Death in the mountains
When two members of the local community requested that they be allowed to leave the village as they had enough of the sexual abuse, Magdalena ordered that they were to be killed in order to stop them. The devoted believers followed through with Magdalena’s wishes and the two “dissenters” were lynched. The power that she had over these people began to get to Magdalena and it appeared that she began to believe her own lies. In a short amount of time, the rituals that she led were no longer just sexual in nature, she required that any “dissenter” was sacrificed. The victim was to be beaten, burned and cut open in front of everyone present. These organised murders were to get rid of the non-believers as well as to scare everyone else into conforming. The rituals began to evolve as Magdalena started to remove the hearts of her victims when they were still alive, and consume the blood of the sacrificed. She claimed this was necessary in order for her to become immortal.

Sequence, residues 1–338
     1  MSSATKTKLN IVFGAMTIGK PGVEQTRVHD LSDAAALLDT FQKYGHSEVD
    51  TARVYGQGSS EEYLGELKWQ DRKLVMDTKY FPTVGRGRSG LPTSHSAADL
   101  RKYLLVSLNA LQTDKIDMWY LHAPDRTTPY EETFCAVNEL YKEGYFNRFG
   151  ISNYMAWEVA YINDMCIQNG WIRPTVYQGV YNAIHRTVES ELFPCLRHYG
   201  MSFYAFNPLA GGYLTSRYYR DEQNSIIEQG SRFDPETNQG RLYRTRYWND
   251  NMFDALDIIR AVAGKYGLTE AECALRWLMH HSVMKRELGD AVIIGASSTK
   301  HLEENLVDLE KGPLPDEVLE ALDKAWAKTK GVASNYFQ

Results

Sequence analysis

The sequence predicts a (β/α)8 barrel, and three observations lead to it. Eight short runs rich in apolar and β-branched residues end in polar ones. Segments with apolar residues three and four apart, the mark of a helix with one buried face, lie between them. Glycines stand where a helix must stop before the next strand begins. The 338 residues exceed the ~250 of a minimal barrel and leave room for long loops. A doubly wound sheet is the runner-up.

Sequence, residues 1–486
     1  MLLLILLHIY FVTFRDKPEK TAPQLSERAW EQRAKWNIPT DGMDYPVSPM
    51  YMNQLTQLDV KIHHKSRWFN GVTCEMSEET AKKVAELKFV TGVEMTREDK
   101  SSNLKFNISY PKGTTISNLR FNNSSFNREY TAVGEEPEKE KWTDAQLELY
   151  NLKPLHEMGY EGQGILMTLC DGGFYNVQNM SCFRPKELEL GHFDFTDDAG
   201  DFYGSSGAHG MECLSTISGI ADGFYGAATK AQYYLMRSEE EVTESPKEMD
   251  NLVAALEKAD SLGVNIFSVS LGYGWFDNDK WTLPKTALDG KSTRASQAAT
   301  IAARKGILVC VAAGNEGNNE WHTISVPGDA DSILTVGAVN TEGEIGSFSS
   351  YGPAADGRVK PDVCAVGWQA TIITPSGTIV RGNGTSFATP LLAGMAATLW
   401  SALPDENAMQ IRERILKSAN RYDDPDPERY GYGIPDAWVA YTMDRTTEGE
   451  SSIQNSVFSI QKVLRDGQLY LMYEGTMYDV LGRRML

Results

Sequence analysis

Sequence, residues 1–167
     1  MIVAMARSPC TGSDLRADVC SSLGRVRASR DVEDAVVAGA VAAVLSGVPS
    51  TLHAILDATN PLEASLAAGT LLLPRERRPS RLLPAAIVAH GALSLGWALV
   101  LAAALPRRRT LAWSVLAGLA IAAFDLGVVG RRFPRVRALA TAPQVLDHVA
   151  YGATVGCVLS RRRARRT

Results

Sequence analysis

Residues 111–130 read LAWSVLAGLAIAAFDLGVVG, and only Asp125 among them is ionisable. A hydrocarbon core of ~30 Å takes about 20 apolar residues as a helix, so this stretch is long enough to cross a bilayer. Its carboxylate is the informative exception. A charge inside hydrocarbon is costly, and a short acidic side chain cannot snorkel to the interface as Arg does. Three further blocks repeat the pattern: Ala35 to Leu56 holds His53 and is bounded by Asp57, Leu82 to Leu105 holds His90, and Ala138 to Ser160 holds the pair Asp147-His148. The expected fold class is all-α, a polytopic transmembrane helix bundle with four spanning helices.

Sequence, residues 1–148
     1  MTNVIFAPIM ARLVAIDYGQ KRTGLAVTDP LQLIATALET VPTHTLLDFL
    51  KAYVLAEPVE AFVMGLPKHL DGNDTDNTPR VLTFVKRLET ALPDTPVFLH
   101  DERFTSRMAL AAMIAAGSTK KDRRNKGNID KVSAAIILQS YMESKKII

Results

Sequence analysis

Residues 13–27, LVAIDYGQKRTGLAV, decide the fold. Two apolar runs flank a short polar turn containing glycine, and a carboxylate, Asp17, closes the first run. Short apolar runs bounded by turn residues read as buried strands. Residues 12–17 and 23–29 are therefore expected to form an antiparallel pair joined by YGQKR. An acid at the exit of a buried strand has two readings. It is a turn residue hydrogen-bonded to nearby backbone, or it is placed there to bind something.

The last sacrifices
One of the last times that this ritual took place was in late May 1963. The victim was hacked to death with a machete and their blood was mixed with the blood of a chicken and consumed by Magdalena and her high priests. Unbeknownst to anyone, this was all being watched by shocked schoolboy, Sebastian Guerrero, who had stumbled across the cave by chance.
Sebastian ran to find police, who did not believe the terrified young man, almost incoherent in his panic. His ramblings of “vampires” in the mountains left officers believing that he himself had taken hallucinogens. Investigator Luis Martinez was given the task of taking Sebastian home and seeing what was in the mountains for himself.